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Breaking the vicious cycle of warm dense matter diagnostics

Dornheim, T.

Abstract

Matter at extreme densities and temperatures displays a complex quantum behavior that is characterized by Coulomb interactions, thermal excitations, and partial ionization. Such warm dense matter (WDM) is ubiquitous throughout the universe and occurs in a host of astrophysical objects such as giant planet interiors and white dwarf atmospheres. A particularly intriguing application is given by inertial confinement fusion, where both the fuel capsule and the ablator have to traverse the WDM regime in a controlled way to reach ignition.

In practice, rigorously understanding WDM is highly challenging both from experimental measurements and numerical simulations [1]. On the one hand, interpreting and diagnosing experiments with WDM requires a suitable theoretical description. One the other hand, there is no single method that is capable of accurately describing the full range of relevant densities and temperatures, and the interpretation of experiments is, therefore, usually based on a number of de-facto uncontrolled approximations. The result is the vicious cycle of WDM diagnostics: making sense of experimental observations requires theoretical modeling, whereas theoretical models must be benchmarked against experiments to verify their inherent assumptions.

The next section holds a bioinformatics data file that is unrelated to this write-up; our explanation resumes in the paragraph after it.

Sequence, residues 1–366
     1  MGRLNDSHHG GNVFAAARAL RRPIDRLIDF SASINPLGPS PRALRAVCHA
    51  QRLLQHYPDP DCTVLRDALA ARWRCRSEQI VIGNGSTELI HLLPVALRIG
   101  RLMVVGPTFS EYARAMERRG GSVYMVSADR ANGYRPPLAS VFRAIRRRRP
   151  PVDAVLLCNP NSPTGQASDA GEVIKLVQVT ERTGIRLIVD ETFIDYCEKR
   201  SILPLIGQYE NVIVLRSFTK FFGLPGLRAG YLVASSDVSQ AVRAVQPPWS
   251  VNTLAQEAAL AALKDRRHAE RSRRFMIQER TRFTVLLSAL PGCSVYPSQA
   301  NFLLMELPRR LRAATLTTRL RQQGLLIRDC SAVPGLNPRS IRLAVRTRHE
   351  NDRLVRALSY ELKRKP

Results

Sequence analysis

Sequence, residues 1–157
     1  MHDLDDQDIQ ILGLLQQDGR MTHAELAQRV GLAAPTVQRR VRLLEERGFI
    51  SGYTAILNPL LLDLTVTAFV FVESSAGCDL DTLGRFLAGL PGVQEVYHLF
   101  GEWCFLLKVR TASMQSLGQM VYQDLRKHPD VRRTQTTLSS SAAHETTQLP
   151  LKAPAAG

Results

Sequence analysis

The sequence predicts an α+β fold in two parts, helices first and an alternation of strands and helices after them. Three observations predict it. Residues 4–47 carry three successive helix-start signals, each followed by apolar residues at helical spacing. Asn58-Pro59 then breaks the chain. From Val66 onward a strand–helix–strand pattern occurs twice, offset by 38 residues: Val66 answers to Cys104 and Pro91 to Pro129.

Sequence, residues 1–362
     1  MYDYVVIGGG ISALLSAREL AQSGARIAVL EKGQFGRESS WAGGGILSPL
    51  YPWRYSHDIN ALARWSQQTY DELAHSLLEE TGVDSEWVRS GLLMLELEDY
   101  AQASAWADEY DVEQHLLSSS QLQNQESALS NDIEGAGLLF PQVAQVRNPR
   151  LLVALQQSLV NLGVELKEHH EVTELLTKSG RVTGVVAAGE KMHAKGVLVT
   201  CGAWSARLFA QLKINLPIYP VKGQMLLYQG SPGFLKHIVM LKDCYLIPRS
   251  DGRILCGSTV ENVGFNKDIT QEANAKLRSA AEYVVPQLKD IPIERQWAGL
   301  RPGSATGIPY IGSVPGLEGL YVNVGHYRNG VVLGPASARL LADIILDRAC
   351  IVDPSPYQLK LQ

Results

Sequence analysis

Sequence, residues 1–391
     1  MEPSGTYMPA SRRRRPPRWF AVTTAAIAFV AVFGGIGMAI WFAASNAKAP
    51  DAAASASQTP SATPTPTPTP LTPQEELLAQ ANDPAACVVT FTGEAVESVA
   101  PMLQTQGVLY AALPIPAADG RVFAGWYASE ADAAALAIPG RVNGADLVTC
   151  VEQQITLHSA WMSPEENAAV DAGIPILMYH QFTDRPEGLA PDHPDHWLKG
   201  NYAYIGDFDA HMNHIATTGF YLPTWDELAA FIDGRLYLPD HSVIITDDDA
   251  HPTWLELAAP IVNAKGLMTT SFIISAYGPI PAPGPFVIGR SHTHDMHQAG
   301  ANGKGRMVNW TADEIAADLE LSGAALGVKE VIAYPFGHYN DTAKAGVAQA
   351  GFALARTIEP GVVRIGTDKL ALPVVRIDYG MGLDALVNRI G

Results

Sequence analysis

In this work, we outline a strategy to break this vicious cycle by combining the X-ray Thomson scattering (XRTS) technique [2] with new ab initio path integral Monte Carlo (PIMC) capabilities [3,4,5]. As a first step, we have proposed to interpret XRTS experiments in the imaginary-time (Laplace) domain, which allows for the model-free diagnostics of the temperature [6] and normalization [7]. Moreover, by switching to the imaginary-time, we can directly compare our quasi-exact PIMC calculations with the experimental measurement [5]. This opens up novel ways to diagnose the experimental conditions, as we have recently demonstrated for the case of strongly compressed beryllium at the National Ignition Facility.

Our results open up new possibilities for improved XRTS set-ups that are specifically designed to be sensitive to particular parameters of interest [8]. Moreover, the presented PIMC capabilities are important in their own right and will allow for a gamut of applications, including equation-of-state calculations and the estimation of structural properties and linear response functions.

[1] T. Dornheim et al., Phys. Plasmas 30, 032705 (2023)
[2] S. Glenzer and R. Redmer, Rev. Mod. Phys. 81, 1625 (2009)
[3] T. Dornheim et al., J. Phys. Chem. Lett. 15, 1305-1313 (2024)
[4] T. Dornheim et al., arXiv:2403.01979
[5] T. Dornheim et al., arXiv:2402.19113
[6] T. Dornheim et al., Nature Commun. 13, 7911 (2022)
[7] T. Dornheim et al., arXiv:2305.15305
[8] Th. Gawne et al., arXiv:2403.02776

  • Lecture (others)
    Theory Seminar at Sandia National Laboratory, 20.03.2024, Albuquerque, USA

Permalink: https://www.hzdr.de/publications/Publ-38924